Lawyers to challenge sentence: Afridi denied right to due process, says HRCP

HRCP calls upon the government to ensure Afridi gets a fair trial and is given ample opportunity to defend himself.


Umer Farooq May 26, 2012

PESHAWAR:


As the Human Rights Commission of Pakistan (HRCP) expressed concern at the denial of due process rights to Dr Shakil Afridi, legal experts from tribal and settled regions, along with human rights activists stepped in to challenge the Khyber Agency political administration’s verdict convicting him for treason and sentencing him to a 33-year imprisonment.


An HRCP statement on Friday said that while “one is concerned about the country’s security… that cannot be made on the basis of denying rule of law to anyone.” The commission noted that Afridi’s trial fell short of the due process standards on many counts, especially since he was denied legal assistance.

“Irrespective of the charge against him, there was no reason for trying Afridi in a tribal court, when the supposed offence took place in Abbottabad… Such treatment has given rise to perceptions that the only reason he was tried by a tribal court was to deprive him of the rights guaranteed under the Constitution of Pakistan,” the statement added.

The HRCP further called upon the government to ensure Afridi gets a fair trial and is given ample opportunity to defend himself.

At the same time, lawyers from the Federally Administered Tribal Areas (Fata), accompanied by members of the Aman Tehreek (peace movement), submitted an application at the central prison in Peshawar seeking Dr Shakil Afridi’s approval for the power of attorney.

Aman Tehreek chief Idrees Kamal told The Express Tribune that the application had been submitted and the verdict by the political administration would be challenged in the office of the Frontier Crimes Regulation (FCR) commissioner as soon as they receive the signed power of attorney.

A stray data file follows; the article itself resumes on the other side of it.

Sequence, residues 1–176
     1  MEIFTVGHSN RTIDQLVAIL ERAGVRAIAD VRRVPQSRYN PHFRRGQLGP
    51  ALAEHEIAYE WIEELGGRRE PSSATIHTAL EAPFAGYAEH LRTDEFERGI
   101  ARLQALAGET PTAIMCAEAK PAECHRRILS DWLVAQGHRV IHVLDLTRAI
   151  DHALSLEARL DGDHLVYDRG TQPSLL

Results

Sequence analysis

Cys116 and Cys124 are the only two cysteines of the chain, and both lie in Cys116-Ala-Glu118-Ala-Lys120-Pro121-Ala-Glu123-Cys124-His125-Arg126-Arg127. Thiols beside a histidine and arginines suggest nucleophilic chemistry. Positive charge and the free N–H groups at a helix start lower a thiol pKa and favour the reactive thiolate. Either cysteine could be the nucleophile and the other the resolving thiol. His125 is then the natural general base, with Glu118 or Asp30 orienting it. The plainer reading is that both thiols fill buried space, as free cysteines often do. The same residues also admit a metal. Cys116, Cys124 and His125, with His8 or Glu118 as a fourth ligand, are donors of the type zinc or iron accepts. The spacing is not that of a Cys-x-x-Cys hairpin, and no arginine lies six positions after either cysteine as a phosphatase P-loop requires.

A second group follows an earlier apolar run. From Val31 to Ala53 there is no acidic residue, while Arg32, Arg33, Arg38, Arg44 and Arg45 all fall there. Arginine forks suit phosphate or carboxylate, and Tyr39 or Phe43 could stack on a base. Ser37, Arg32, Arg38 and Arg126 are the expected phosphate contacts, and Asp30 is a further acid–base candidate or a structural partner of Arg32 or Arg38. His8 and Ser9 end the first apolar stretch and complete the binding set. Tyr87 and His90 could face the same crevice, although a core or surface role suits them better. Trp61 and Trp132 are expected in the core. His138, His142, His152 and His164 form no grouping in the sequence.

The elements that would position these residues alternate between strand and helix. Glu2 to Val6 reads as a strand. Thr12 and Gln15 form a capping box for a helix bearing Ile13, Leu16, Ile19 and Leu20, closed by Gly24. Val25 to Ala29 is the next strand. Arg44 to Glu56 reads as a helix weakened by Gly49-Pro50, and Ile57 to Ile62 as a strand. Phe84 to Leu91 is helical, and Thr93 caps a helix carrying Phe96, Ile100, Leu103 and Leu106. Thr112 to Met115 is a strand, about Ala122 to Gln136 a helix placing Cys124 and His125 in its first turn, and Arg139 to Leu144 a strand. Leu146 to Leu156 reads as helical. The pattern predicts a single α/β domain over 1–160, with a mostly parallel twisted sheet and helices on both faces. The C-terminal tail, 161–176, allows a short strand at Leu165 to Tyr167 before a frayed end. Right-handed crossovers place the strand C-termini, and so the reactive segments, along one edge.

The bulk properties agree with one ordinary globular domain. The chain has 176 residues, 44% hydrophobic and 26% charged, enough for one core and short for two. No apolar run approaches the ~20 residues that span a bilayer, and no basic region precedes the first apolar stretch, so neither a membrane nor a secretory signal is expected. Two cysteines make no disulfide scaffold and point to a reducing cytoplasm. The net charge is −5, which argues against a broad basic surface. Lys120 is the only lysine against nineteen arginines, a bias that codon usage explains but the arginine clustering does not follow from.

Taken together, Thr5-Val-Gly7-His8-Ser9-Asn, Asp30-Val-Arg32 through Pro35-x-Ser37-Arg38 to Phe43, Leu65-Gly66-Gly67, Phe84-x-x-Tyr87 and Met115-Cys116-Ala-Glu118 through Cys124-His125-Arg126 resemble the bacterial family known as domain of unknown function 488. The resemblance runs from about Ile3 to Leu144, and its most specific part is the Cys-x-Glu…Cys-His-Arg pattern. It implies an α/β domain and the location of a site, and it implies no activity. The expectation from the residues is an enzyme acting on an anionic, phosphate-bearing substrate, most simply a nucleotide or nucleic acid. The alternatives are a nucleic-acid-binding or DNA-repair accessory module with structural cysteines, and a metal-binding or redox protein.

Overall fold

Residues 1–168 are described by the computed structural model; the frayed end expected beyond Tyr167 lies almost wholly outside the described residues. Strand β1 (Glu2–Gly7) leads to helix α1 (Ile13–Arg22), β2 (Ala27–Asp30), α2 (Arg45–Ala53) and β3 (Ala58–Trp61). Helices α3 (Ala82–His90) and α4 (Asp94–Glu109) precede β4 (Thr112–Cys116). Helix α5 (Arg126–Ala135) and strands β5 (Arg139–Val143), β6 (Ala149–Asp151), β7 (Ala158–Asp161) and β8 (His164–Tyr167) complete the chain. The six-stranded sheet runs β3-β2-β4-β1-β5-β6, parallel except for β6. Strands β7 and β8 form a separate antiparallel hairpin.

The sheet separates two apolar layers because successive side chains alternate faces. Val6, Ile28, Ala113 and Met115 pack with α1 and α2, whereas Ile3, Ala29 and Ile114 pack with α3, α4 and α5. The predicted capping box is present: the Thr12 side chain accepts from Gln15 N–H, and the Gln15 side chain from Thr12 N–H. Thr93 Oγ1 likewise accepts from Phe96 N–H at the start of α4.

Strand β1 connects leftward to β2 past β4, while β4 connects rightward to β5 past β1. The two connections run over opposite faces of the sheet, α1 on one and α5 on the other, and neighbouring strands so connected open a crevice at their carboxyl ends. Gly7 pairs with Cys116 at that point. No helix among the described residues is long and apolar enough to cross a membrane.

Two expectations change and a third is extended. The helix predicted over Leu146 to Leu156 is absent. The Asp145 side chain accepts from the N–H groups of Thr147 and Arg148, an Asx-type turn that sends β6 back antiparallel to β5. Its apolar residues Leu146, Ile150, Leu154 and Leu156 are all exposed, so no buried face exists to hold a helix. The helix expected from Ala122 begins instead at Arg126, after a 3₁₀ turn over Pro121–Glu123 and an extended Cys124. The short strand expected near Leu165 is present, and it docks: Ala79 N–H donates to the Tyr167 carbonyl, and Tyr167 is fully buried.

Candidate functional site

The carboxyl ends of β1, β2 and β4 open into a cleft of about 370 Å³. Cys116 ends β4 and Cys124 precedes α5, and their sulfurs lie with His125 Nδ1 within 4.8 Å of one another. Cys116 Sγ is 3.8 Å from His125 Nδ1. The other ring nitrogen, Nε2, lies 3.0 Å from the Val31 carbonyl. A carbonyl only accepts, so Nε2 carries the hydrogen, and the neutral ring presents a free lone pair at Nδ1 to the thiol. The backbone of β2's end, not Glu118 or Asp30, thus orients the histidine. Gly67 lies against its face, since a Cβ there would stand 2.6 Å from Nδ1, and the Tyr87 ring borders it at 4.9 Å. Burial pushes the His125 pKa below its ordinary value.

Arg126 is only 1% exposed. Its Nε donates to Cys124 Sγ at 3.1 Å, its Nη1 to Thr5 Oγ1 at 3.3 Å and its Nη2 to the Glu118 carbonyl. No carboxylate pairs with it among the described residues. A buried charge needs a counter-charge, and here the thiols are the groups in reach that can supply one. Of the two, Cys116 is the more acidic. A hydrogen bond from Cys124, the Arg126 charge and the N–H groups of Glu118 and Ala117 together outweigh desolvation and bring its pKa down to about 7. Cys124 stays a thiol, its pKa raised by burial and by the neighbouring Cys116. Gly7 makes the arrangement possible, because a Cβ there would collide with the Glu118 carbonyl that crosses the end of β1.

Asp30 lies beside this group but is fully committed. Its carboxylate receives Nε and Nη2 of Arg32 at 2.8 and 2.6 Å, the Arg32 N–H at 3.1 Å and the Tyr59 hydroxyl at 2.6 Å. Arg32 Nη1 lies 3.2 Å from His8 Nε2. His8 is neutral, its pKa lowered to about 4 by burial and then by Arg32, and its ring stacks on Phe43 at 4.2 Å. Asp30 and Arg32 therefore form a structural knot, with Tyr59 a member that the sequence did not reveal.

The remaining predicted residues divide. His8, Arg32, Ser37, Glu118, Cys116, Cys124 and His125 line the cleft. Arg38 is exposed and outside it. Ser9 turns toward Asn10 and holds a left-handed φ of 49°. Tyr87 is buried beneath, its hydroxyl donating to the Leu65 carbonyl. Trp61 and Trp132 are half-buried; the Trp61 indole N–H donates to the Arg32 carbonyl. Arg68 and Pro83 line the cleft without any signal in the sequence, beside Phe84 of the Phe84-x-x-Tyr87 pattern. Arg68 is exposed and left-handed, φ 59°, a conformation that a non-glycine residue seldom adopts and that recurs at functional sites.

“Thousands of innocent Pashtuns have been killed,” said Idrees. “The world has been trying to reduce, in fact, eliminate terrorism and Shakil has helped the world.” He said a copy of the political administration’s order, inscribed with Dr Shakil’s sentence, had also been requested.

Qamar Nadeem Afridi, a member of the Fata Lawyers’ Forum (FLF) and a relative of Dr Shakil, when contacted, was also of the same view. He said that Dr Shakil had done something which the government and the whole world had been doing since long.

“Section 121 (waging war against the state) of the Pakistan Penal Code (PPC), under which Dr Shakil has been sentenced is completely wrong,” said Qamar.

“Shakil has not waged war against the country nor has he conspired against it.”

FLF president Ejaz Mohmand said they were not favouring Dr Shakil, but were stressing upon following proper procedures.

“I don’t say Shakil has done something extraordinary and should be rewarded for it, but it is his right to appeal against the verdict. Thus we are preparing to submit our appeal before the commissioner FCR.”

Meanwhile, in her statement on Friday, former Supreme Court Bar Association (SCBA) president Asma Jahangir terming Afridi’s punishment a violation of human rights, reiterated demands that he be given a fair trial and allowed to engage a counsel for his defence.

(WITH ADDITIONAL INFORMATION FROM NEWS DESK)

Published in The Express Tribune, May 26th, 2012.

COMMENTS (15)

Shahid Khan | 9 years ago | Reply

This is ridiculous, he cannot be convicted by a tribal court because the crime did not take place in the tribal areas.

The case has to go through the formal Pakistani legal system. But then again, come more pressure from the US, and we might have to let him go free, the tribal court judgement is easier to repeal!

Anyhow, sad to see that not many here would think of Osama bin Laden as a common enemy, killing innocent people of any faith is not allowed in Islam, yet many of us revere him rather strongly.

Afridi is being punished for making the military look a bit useless (after the Americans came in and we didn't find out until they were on the way back - official version).

Cautious | 9 years ago | Reply

@Babu

Working for a foreign spy agency is a CRIME in every country.

This guy provided blood samples to your ally --- that's it. He didn't steal national secrets, didn't undermine national security and harmed no one. Yes --- those blood samples may have helped America determine where OBL was hiding -- but everyone outside of Pakistan thinks that a good thing. The persecution of Afridi combined with literally no action to determine who was hiding OBL is ample evidence of who's really guilty.

VIEW MORE COMMENTS
Replying to X

Comments are moderated and generally will be posted if they are on-topic and not abusive.

For more information, please see our Comments FAQ

E-Publications

Most Read